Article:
Liens & proof


And enrichment lien may be described as that right of the holder of property,, belonging to another where the holder has expended money or labour on that property, pending compensation by the owner. One typically finds these where parties contract to sell and buy property and the would-be purchaser starts improving the property before the transaction can be registered. The transaction is then cancelled and the holder claims compensation for the improvements. Usually contracts contain a clause stating that the purchaser shall not improve the property of the seller until transfer and, if he does so, he will not be compensated therefor. The case that follows, deals with the question of proof and is a salutary example of things going pear-shaped.

Davies versus Purple Fountain Properties ZAGP




Broadly speaking, our law of contract does not allow one to rely on one’s own mistake if the other party has not made a misrepresentation. If you mistakenly sign a surety where the bank has not misled you, you will be bound.

Nedbank v Antonio ZAECPEHC


Resolutions by a company where the directors have an interest in the matter decided


In terms of section 75 (5) of the Companies Act, where a director has a personal financial interest in a matter being decided, that director must disclose his interest and its general nature to the board, before the matter is considered. That director should be leave the meeting and must not take part in in any further consideration of that matter. Failure to do so will render the resolution invalid.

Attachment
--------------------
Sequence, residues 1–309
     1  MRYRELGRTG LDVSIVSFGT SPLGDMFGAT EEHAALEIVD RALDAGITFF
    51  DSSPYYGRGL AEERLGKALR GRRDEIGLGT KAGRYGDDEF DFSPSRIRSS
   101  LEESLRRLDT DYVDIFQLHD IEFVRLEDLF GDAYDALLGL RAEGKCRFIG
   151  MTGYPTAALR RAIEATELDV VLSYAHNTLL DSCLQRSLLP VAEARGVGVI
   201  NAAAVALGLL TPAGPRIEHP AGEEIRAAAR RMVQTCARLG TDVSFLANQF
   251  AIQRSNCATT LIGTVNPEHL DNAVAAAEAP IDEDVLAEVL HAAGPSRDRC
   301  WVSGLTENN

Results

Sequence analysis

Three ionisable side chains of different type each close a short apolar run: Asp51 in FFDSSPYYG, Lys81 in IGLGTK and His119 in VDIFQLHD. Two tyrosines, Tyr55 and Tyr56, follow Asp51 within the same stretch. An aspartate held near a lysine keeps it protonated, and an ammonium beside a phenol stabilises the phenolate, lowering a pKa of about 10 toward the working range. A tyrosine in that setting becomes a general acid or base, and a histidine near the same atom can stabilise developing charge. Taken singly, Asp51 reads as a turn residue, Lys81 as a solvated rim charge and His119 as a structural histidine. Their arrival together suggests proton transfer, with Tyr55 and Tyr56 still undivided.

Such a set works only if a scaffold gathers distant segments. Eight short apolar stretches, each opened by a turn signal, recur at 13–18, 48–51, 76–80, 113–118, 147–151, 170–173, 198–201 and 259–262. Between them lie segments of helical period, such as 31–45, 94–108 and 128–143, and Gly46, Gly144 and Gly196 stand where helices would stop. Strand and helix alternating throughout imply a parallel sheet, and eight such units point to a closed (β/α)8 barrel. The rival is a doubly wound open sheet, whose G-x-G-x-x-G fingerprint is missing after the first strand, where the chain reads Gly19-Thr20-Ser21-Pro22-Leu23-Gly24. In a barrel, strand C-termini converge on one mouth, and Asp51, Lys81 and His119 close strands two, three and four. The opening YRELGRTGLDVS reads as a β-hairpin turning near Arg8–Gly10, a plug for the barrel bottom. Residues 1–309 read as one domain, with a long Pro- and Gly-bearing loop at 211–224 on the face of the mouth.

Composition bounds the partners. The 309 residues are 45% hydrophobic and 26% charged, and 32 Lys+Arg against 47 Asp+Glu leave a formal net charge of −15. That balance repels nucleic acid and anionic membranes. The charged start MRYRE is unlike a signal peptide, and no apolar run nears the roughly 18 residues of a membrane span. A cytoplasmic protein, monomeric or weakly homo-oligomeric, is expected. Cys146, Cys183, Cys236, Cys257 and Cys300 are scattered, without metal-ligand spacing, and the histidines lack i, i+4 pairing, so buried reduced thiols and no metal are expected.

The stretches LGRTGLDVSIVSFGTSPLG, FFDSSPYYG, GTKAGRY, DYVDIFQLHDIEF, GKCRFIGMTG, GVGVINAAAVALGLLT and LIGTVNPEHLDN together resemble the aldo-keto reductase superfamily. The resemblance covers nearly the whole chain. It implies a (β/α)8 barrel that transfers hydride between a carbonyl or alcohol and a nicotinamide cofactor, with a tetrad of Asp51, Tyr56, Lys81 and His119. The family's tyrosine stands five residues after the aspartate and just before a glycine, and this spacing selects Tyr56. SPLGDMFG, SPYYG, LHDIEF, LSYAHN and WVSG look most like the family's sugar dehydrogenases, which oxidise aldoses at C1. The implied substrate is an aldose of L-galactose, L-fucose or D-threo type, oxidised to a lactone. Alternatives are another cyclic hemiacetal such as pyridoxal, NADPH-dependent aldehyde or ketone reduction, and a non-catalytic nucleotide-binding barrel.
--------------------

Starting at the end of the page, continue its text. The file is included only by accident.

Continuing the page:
Cook v Hesber Impala [2016] JOL 36194 (GJ)


Equal pay for equal work


The Employment Equity Act provides that employees of the same employer, performing substantially the same work, of equal value, should be paid the same salary, on pain of non-compliance being unfair discrimination. I am an outsider of this field and would not for venture in. I hold and article from Laubsher on this matter and I invite you to ask me for a copy.


Intestate succession and the treatment of same-sex and opposite-sex life partners.


Currently only the former group qualifies as the interstate heirs of their respective deceased partners. This is clearly an unsatisfactory situation and I invite you to ask me for a copy of an article on the subject, written by Smith.




Politics is the gentle art of getting votes from the poor and campaign funds from the rich, by promising to protect each from the other. Oscar Am Ringer’s